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Attitudes Toward Economic Inequality: Public Attitudes on by Everett C. Ladd

By Everett C. Ladd

This article examines info from surveys of public attitudes to evaluate people's perspectives in regards to the government's function in decreasing source of revenue variations among the wealthy and bad.

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Additional resources for Attitudes Toward Economic Inequality: Public Attitudes on Economic Inequality (AEI Studies on Understanding Economic Inequality)

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In such situations, appropriate effects, incentives need to be created to (a) remove Addressing these market and policy failures is im- policy-induced distortions that undermine portant for improving the quality of growth. If such sound resource use; (b) complement market sig- failures persist, environmental goods and services nals with taxes/fees that reflect social opportu- will continue and nity costs, or payments that reflect social ben- underprovided, imposing costs on those who de- efits; and (c) selectively regulate the remaining pend on such goods, now and in the future.

G. biomass to LPG conversion in rural households, coal-to-gas in urban households) Support water supply and sanitation, energy, and irrigation projects that have specific environmental health outcomes based on integrated water resource management Reduce people's vulnerability to environmental risks, including moderate and extreme natural events. • Raise awareness of the potentially high economic and social returns that investments in vulnerability reduction can yield Minimize: • Strengthen regional institutions to improve weather forecasting, dissemination, and verifications systems * Loss of life and livelihood * Injuries and disabilities • Temporary and permanent dislocation • Destruction of social, physical, and natural capital • Enable adoption and encourage enforcement of building codes and land use policies • Promote resilience through better management and protection of the natural resource base Study the social and economic impacts of natural disasters and assess the vulnerability in countries/sub-regions with a history of natural disasters Develop a framework for vulnerability assessments, disaster preparedness, and early warning systems Support the preparation of building codes, siting, and land use guidelines Develop learning programs on planning, predicting, and adapting to climate change Include disaster prevention and management in policy dialogue Promote the integration of vulnerability reduction measures in sectoral planning and regulatory reforms Support the integration of disaster management into regional, national, and local land use and development plans and water resources management policies, strategies, and planning Support community-based ecosystem service initiatives to reduce the impacts of flooding (reforestation, conservation, and restoration of wetlands) Build and strengthen early warning systems, including community-based systems for effective dissemination of information Support vulnerability reduction investments, including investments for adaptation to climate change Improve the quality of growth Promote policy, regulatory and institutional frameworks for environmentally sustainable growth.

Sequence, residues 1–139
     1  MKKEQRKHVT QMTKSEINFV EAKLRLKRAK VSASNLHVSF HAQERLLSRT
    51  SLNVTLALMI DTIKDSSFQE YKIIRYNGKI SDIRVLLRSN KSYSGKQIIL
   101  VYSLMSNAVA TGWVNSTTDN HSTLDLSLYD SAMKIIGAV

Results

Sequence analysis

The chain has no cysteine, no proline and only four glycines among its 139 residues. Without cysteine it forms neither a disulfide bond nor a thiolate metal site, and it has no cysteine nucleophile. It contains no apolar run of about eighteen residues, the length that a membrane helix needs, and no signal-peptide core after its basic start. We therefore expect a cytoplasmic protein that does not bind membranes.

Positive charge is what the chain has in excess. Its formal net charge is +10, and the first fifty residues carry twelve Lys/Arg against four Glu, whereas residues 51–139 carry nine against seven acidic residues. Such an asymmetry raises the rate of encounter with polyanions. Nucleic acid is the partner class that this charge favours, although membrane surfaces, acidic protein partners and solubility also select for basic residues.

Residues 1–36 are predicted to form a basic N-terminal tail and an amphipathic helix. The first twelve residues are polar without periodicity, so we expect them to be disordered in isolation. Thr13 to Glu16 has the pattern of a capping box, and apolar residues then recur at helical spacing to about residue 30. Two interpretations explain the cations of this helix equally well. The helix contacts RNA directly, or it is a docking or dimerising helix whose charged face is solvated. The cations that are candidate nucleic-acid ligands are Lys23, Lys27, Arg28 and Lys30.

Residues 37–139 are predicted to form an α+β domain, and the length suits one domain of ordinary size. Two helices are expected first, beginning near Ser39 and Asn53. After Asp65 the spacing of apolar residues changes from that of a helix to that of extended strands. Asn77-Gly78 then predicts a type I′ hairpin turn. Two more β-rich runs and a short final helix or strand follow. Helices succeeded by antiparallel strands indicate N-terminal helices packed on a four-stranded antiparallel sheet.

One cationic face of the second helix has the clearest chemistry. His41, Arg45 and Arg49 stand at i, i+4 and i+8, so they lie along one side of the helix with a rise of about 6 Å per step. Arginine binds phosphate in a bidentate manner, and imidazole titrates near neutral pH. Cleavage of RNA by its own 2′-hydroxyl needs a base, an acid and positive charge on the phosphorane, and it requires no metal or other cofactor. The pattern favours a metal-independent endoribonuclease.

Irrigation is draining more water than is being replenished, causing water tables to fall and threatening future water availability for irrigation and other uses. Moreover, many water sources are being polluted by excessive use of agrochemicals. The PAGE report sets the stage for the Millennium Ecosystem Assessment (MEA), launched by the World Resources Institute (WRI), the United Nations Environment Programme (UNEP), the World Bank, and the Global Environment Facility. Source: IFPRI, CGIAR, WRI 2000.

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